Lenovo ThinkPad X260-20F600A1GE
Average of 4 scores (from 5 reviews)
Reviews for the Lenovo ThinkPad X260-20F600A1GE
Lenovo has long had a winner with this particular X lineup model, and that truth remains for the X260. There’s nothing to dislike about this iteration unless you want a touchscreen display. Laptops are, at their foundation, meant to be portable, and portability depends on two things: a lightweight design and ample battery life. This laptop gets positive marks in both those categories, but especially the latter. Road warriors will find it hard to adjust to lesser laptops after basking in the X260’s 20+ hour run time, and that’s not a bad thing.
Single Review, online available, Very Long, Date: 01/25/2017
Rating: Total score: 90%
Source: PC Mag
If you want a truly eye-popping ultraportable, you can find it in releases like the Asus ZenBook 3 or the Apple MacBook, but those machines require you to make some sacrifices in terms of usability, configurability, and durability that are not ideal for a business environment. For business, a sterling screen and a comfortable keyboard are musts, of course, and, like the ThinkPad X1 Carbon and the HP EliteBook Folio G1, this laptop has them. And its removable battery can result in legitimately astounding uptime.
Single Review, online available, Very Short, Date: 10/21/2016
Rating: Total score: 80%
Source: Digital Trends
Ultimately, that makes the X260 just one of a number of options for those hunting for a new lightweight laptop for (mostly) work. The ThinkPad’s advantages are the hot-swappable battery, excellent keyboard, and classic design. For some, the XPS 13’s screen upgrade will be more important. For others, the HP’s slick design will win them over. For those who just need a work laptop that’ll last over a long plane flight the X260 is a good, if old-fashioned, choice.
Single Review, online available, Medium, Date: 10/03/2016
Rating: Total score: 60%
Source: Hot Hardware
The ThinkPad x260 is tougher than the typical notebook too, without being truly ruggedized, which is ideal for a system meant to endure the rigors of long travel and still look the part in a boardroom. It’s also meant to be dependable. The dual-battery setup means you can get through the day without ever plugging in your notebook (or even powering it off temporarily, for that matter). If battery life is a major selling point for you, you’re probably already sold.
Single Review, online available, Very Long, Date: 09/30/2016
Rating: Total score: 100%
Source: Computer Shopper
Even with the small battery, the ThinkPad is one of the most tempting ultraportables we've seen. It may not attract attention on a plane or train the way a super-skinny laptop like the HP Spectre will, but it'll easily fit on a tray table, where it'll outperform and outlast anything in its class. If it had a USB-C port, we'd be looking for more stars or honors to give it. If you can live with a 12.5-inch instead of larger screen, it should be at the top of your shopping list.
Single Review, online available, Medium, Date: 09/23/2016
CommentIntel HD Graphics 520: Integrated GPU (GT2) with 24 EUs found on some Skylake CPU models (15 W ULV series). Modern games should be playable with these graphics cards at low settings and resolutions. Casual gamers may be happy with these cards. » Further information can be found in our Comparison of Mobile Graphics Cards and the corresponding Benchmark List.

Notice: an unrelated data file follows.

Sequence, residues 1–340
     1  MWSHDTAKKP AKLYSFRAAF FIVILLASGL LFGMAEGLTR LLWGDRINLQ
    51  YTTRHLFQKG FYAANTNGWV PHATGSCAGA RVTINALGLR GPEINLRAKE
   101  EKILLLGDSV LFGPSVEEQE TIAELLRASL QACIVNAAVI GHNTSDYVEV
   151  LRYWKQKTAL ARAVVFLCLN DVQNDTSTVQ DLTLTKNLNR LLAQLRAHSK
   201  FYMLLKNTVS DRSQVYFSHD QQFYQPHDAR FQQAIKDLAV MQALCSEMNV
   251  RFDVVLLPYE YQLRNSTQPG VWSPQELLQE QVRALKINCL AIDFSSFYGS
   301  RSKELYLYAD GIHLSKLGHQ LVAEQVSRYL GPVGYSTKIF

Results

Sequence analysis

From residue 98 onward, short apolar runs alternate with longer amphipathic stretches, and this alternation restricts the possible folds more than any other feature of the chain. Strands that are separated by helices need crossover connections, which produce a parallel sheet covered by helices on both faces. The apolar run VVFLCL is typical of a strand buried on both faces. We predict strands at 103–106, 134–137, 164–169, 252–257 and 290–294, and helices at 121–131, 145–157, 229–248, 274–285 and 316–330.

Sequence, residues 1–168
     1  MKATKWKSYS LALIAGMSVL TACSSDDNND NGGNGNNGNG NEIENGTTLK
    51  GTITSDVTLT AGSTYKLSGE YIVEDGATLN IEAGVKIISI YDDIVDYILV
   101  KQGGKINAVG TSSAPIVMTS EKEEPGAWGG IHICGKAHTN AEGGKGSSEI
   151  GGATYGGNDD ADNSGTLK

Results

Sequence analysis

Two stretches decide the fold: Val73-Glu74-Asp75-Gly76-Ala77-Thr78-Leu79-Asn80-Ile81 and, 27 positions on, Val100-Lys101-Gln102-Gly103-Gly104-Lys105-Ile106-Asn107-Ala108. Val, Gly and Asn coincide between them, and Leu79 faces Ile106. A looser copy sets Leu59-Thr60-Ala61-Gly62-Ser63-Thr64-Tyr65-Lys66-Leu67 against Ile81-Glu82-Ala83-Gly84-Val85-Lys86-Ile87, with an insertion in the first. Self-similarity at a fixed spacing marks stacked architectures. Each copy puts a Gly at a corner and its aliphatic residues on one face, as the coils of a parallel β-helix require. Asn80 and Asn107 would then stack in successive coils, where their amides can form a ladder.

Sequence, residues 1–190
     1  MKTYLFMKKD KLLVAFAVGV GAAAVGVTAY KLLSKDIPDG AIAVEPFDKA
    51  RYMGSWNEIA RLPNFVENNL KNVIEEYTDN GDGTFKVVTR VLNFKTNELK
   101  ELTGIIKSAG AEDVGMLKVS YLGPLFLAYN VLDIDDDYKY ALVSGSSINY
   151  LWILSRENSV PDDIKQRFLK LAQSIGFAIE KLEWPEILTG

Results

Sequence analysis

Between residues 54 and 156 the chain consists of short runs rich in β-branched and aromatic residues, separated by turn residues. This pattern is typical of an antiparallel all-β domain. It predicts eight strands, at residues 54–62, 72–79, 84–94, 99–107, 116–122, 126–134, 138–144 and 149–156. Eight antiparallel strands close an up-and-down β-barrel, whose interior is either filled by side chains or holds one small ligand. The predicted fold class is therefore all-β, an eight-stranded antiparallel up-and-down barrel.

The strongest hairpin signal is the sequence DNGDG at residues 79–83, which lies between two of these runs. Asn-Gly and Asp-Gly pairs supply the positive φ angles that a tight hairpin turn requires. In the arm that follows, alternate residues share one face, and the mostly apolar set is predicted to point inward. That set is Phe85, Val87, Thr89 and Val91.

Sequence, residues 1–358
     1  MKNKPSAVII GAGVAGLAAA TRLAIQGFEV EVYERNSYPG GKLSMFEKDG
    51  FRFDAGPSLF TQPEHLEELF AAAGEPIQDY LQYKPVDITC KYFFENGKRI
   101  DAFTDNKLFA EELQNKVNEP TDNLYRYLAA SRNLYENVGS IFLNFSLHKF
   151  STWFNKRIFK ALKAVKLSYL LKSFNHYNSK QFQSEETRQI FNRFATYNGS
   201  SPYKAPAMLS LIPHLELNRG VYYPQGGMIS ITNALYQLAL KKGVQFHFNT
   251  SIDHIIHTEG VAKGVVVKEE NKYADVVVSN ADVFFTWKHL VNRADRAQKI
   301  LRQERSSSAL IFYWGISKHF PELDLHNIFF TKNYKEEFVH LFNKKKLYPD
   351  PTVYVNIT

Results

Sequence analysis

6200U: Skylake-based ULV dual-core processor for thin notebooks and ultrabooks. Offers an integrated HD Graphics 520 GPU and is manufactured in 14 nm.» Further information can be found in our Comparison of Mobile Processsors.
This screen diagoal is quite large for tablets but small for subnotebooks. Some convertibles are also represented with that size.
Large display-sizes allow higher resolutions. So, details like letters are bigger. On the other hand, the power consumption is lower with small screen diagonals and the devices are smaller, more lightweight and cheaper.» To find out how fine a display is, see our DPI List.
This weight is typical for big tablets, small subnotebooks, ultrabooks and convertibles with a 10-11 inch display-diagonal.
Lenovo: Lenovo ( "Le" as in the English word legend and "novo" (Latin) for new) was founded in 1984 as a Chinese computer trading company. From 2004, the company has been the largest laptop manufacturer in China and got the fourth largest manufacturer worldwide after the acquisition of IBM's PC division in 2005. In addition to desktops and notebooks, the company also produces monitors, projectors, servers, etc.
In 2011, Medion AG, a European computer hardware manufacturer, owned the majority of the company. In 2014, Lenovo took over Motorola Mobility, which gave them a boost in the smartphone market.
From 2014 to 2016 Lenovo's market share in the global notebook market was 20-21%, ranking second behind HP. However, the distance decreased gradually. In the smartphone market, Lenovo did not belong to the Top 5 global manufacturers in 2016.
82.5%: This rating should be considered to be average. This is because the proportion of notebooks which have a higher rating is approximately equal to the proportion which have a lower rating.
» Further information can be found in our Notebook Purchase Guide.